Pennsylvania Grand Review

Honoring African American Patriots 1865 / 2010

William H. Mathews, 127th Regiment U.S.C.T.

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Yellow Hill Cemetery - Adams County, PA

(Essay written by Debra McCauslin — For the Cause Productions, Gettysburg, PA)

William H. Mathews of Adams County was born free in Pennsylvania in 1849.His parents were Edward and Annie (Gant) Mathews and originally from Carroll County, Maryland where they lived near Pipe Creek Friends (Quaker) Meeting until around 1839.

Edward Mathews is on the Adams County 1840 census as head of household with 6 others living with him. Edward purchased 16 acres of property in 1842 for $350 on Pine Hill, about a mile north of Biglerville. Biglerville is just 7 miles from Gettysburg and it is less than 20 miles from the Mason Dixon Line.

Pine Hill is known today as Yellow Hill. It is believed that the name, “Yellow” was given to the hill to reflect the skin tones of this early Negro family who were listed in the census with an “M” for mulatto. Yellow is a derogatory term used to define people of mixed races. The Mathews family lived there for several decades and through the 1890’s.

Edward Mathews was reputed to be involved in the Underground Railroad with nearby Quakers of Menallen Friends Meeting who lived below Pine Hill in the still-pristine Quaker Valley. Both Edward and Annie Mathews and William’s older brother Samuel were all born in Maryland. The other children were born in PA.

William Mathews enrolled in Co I, 127th USCT September 3, 1864. He was 15 when he enlisted. His brother Samuel was drafted. William and brother Nelson enlisted as well. Three Mathews brothers left Yellow Hill to go to Chambersburg where they were mustered in. They trained at Camp William Penn near Philadelphia. The regiment was incorporated into the Army of the James and participated at Deep Bottom. They were also posted on the Mexican frontier and they were mustered out at Bravos Santiago, Texas on September 8, 1865.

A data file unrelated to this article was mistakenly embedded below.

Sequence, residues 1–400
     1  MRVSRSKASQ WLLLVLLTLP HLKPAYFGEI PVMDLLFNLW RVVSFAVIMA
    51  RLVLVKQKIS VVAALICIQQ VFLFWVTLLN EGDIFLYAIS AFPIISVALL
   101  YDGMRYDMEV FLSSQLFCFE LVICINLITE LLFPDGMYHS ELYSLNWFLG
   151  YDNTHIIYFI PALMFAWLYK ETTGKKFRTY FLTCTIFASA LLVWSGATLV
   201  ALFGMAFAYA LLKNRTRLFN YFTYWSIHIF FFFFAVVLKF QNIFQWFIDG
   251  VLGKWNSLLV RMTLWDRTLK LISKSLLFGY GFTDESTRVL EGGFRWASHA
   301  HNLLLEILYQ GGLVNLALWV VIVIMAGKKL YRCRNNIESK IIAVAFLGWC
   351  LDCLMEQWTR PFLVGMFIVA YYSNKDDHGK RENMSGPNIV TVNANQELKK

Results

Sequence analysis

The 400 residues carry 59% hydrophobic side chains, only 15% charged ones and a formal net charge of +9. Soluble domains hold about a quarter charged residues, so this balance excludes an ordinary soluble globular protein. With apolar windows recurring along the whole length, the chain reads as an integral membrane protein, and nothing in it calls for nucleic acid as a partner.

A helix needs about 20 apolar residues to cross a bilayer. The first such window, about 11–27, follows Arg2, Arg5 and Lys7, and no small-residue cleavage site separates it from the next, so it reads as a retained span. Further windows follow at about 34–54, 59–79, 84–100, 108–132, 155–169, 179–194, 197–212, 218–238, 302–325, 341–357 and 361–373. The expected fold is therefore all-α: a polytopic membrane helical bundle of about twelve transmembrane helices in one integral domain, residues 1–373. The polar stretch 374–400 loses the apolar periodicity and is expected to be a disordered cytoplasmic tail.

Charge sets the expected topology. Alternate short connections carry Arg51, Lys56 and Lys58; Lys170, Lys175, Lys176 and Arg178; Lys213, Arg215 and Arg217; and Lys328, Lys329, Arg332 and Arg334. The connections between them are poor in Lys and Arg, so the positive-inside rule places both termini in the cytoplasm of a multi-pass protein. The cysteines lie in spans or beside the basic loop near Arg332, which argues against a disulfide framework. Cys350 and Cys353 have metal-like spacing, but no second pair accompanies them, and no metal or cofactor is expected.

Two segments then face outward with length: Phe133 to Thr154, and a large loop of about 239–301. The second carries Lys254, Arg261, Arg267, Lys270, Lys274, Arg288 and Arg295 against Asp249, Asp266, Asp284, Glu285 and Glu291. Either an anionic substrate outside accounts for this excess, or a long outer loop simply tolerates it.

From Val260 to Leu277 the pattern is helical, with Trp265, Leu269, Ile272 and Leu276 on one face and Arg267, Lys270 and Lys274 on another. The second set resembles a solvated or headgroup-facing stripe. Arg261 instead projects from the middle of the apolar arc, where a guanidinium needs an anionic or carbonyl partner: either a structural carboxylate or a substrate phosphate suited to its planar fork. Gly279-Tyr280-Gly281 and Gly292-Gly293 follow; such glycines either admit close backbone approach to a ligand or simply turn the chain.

William married Mary Jane Walker on March 9, 1869. They had several children together. Mary Jane died in 1890. The Bendersville GAR issued a resolution and printed it in local newspapers “on the death of the wife of Comrad William H. Mathews.” It mentions sending sympathy to William and his family “in their time of sorrow and grief.”

William died September 25, 1891 leaving his children as orphans. He was 42 years old and died of injuries sustained while in USCT service. Pension files stated he was shot in the right leg and had lung problems which prevented him from doing hard labor after thw war. He suffered all the time and had pulmonary disease which was contracted by exposure while in the USCT. He also served as a laborer in the Navy.

The 1891 funeral was held on Yellow Hill on land his father donated to the community for a church lot and burial ground. The Gettysburg Star and Sentinel mentioned “the high esteem in which the deceased was held was proven by the large number of friends and acquaintances who gathered around the bier to pay their last tribute of respect to one who character was unimpeachable and above that of the majority of ordinary men.“

His remains were later removed to Gettysburg’s Lincoln Cemetery though no stone is there to see any longer.

Adams County Orphans Court appointed William Biggs as Guardian to William’s youngest daughter Jessie Ellen who was about five when her father died. She later married Robert Lee Vann in Pittsburgh. He was the editor and publisher of the Pittsburgh Courier which later became the #1 Negro newspaper in American. Vann used the newspaper to convince Negroes to vote Democratic in the 1930’s and is credited with influencing voter to turn the tide of loyalty of the African American voters in the US from the Republican Party to the Democratic Party. He later served under Franklin D. Roosevelt in Washington DC. He was considered to be the most popular Negro in Pittsburgh in the 1930’s. When Robert died in 1940, Jessie got telegrams and flowers from Joe Louis, Ella Fitzgerald, Count Basie and the Inks Spots.

The USS Robert L. Vann was christened by Jessie in 1943. Jessie Ellen Mathews Vann’s life story was told on Ralph Edwards’ THIS IS YOUR LIFE in 1953. She served on national boards of several non-profit organizations. She is one of Pennsylvania’s Distinguished Daughters and she represented the US at international events, dined with Mamie Eisenhower at the farm in Gettysburg and stayed loyal to the Republican Party.

The first burial place of William Mathews at Yellow Hill Church Lot and Cemetery is listed on the National Park Service’s National Underground Railroad Network to Freedom. This site can be visited yet today as it is also a stop on the Underground Railroad Tour of Adams County conducted by Debra McCauslin of Gettysburg.

Posted in Individual Stories Friday, May 21st, 2010 at 11:00 am.

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